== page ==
Each work session will be focused on one specific rhythm and will result in an original composition. At the end of the residency the quartet will fly back to NYC and spend 4 days in a recording studio to record an album of original compositions informed by their encounter with Tunisian percussionists, some of whom will be featured as guests artists on the album.

In January 2019 Yacine Boulares was selected to be a part of the 2019 Joe’s Pub Working Group to develop the project as an artist in residence at Joe’s Pub. Throughout the year he will workshop the project with their administrative support.

IFRIQIYA will be premiered in the Spring 2020 . Prospective venues (previous project was presented there in 2018) are: The Lincoln Center Atrium, National Sawdust, The Jazz gallery, The Weis Center for the Arts (PA), The Atlas Performing Arts Center (DC), Ars Nova (Philadelphia), Joe’s Pub.

We are asking support from New Music USA to commission the composition of the work.

Project Media

Nuba- Resilience
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Nuba & Resilience are the last two movements of Yacine Boulares’ last project Suite for Abu Sadiya, composed for cello, soprano saxophone and drums. Inspired by Tunisian Stambeli, the healing trance music of the Afro-tunisians, the suite tells the story of Abu Sadiya, the spiritual guide of African slaves brought into Tunisia from the Xith century.
The project premiered in the US at the Lincoln Center Atrium in April 2018 ans toured the East coast (Atlas Performing arts center, Jazz Gallery, DC Jazz Fest, Ars Nova …)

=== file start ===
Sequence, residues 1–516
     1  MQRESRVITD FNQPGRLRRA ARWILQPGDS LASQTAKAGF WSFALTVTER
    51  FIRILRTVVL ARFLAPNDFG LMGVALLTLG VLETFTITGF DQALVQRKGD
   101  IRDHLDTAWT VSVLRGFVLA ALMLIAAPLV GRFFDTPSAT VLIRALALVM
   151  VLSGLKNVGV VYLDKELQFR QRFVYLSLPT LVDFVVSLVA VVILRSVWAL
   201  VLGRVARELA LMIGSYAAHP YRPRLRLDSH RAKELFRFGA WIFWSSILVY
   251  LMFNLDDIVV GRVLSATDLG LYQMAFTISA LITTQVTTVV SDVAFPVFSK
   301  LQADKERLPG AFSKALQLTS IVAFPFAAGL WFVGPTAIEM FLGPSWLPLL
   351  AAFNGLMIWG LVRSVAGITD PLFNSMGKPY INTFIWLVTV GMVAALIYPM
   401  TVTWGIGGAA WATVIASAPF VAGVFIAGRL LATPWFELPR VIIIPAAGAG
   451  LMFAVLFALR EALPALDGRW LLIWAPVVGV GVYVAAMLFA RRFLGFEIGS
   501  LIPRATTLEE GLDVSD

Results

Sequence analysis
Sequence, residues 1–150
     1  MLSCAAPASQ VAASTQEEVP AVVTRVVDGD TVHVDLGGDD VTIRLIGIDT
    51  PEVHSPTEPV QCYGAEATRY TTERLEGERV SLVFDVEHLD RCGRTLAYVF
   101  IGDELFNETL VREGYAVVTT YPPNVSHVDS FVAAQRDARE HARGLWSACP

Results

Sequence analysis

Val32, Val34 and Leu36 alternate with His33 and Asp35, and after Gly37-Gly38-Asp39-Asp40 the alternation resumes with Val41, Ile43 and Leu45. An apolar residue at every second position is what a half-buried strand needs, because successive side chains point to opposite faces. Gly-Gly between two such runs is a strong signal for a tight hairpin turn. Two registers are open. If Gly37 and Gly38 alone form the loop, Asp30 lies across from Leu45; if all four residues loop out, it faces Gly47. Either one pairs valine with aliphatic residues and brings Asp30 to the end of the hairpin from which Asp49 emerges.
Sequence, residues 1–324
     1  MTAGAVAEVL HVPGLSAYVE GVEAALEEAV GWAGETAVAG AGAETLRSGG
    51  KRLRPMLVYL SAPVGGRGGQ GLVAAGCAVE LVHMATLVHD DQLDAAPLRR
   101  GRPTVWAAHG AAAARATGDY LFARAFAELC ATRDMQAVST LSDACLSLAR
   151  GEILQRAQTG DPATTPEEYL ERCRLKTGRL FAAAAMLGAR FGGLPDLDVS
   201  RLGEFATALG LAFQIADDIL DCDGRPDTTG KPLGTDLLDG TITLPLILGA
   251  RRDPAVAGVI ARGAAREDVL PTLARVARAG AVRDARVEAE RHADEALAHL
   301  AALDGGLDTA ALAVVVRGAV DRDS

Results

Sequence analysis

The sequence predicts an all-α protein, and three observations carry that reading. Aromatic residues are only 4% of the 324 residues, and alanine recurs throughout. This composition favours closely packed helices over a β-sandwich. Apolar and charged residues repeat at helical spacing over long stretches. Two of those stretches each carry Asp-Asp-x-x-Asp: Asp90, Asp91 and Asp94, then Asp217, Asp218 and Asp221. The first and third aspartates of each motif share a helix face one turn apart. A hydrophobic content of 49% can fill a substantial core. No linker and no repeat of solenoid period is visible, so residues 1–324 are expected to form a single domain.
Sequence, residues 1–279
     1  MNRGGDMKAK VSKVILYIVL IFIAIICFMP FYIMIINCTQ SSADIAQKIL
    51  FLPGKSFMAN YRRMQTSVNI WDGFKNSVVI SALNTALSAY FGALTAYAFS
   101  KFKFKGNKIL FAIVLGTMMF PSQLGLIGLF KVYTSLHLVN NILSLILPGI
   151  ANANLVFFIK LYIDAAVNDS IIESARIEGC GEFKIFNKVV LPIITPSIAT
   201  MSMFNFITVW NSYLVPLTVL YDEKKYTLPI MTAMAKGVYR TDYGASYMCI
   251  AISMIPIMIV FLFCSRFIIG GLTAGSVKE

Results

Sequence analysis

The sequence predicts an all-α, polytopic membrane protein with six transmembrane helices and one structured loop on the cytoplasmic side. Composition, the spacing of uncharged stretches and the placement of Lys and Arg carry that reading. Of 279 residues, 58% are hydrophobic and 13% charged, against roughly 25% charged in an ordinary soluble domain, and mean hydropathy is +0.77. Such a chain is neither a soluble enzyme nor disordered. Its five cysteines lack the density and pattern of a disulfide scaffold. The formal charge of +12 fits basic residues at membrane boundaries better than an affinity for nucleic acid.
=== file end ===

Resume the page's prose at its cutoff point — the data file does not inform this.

Bahriyya (the water spirits)
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Bahriyya is the second of Yacine Boulares’ last project Suite for Abu Sadiya, composed for cello, soprano saxophone and drums. Inspired by Tunisian Stambeli, the healing trance music of the Afro-tunisians, the suite tells the story of Abu Sadiya, the spiritual guide of African slaves brought into Tunisia from the Xith century.
The project premiered in the US at the Lincoln Center Atrium in April 2018 ans toured the East coast (Atlas Performing arts center, Jazz Gallery, DC Jazz Fest, Ars Nova …)

Takhmira (a trance)
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Takhmira is the fourth movement of Yacine Boulares’ last project Suite for Abu Sadiya, composed for cello, soprano saxophone and drums. Inspired by Tunisian Stambeli, the healing trance music of the Afro-tunisians, the suite tells the story of Abu Sadiya, the spiritual guide of African slaves brought into Tunisia from the Xith century.
The project premiered in the US at the Lincoln Center Atrium in April 2018 ans toured the East coast (Atlas Performing arts center, Jazz Gallery, DC Jazz Fest, Ars Nova …)

Start and End Dates

10/15/201903/20/2020

Location

New York City, New York

1 update
Last update on July 2, 2019

Project Created By

Brooklyn, New York
After graduating with a BA in Philosophy French-Tunisian saxophonist and composer Yacine Boulares decides to take a year off to respond to the urge to play music. He takes his first music lessons and after studying under Andre Villeger for 3 years he wins the International Esprit Jazz Competition in Paris and is endorsed by…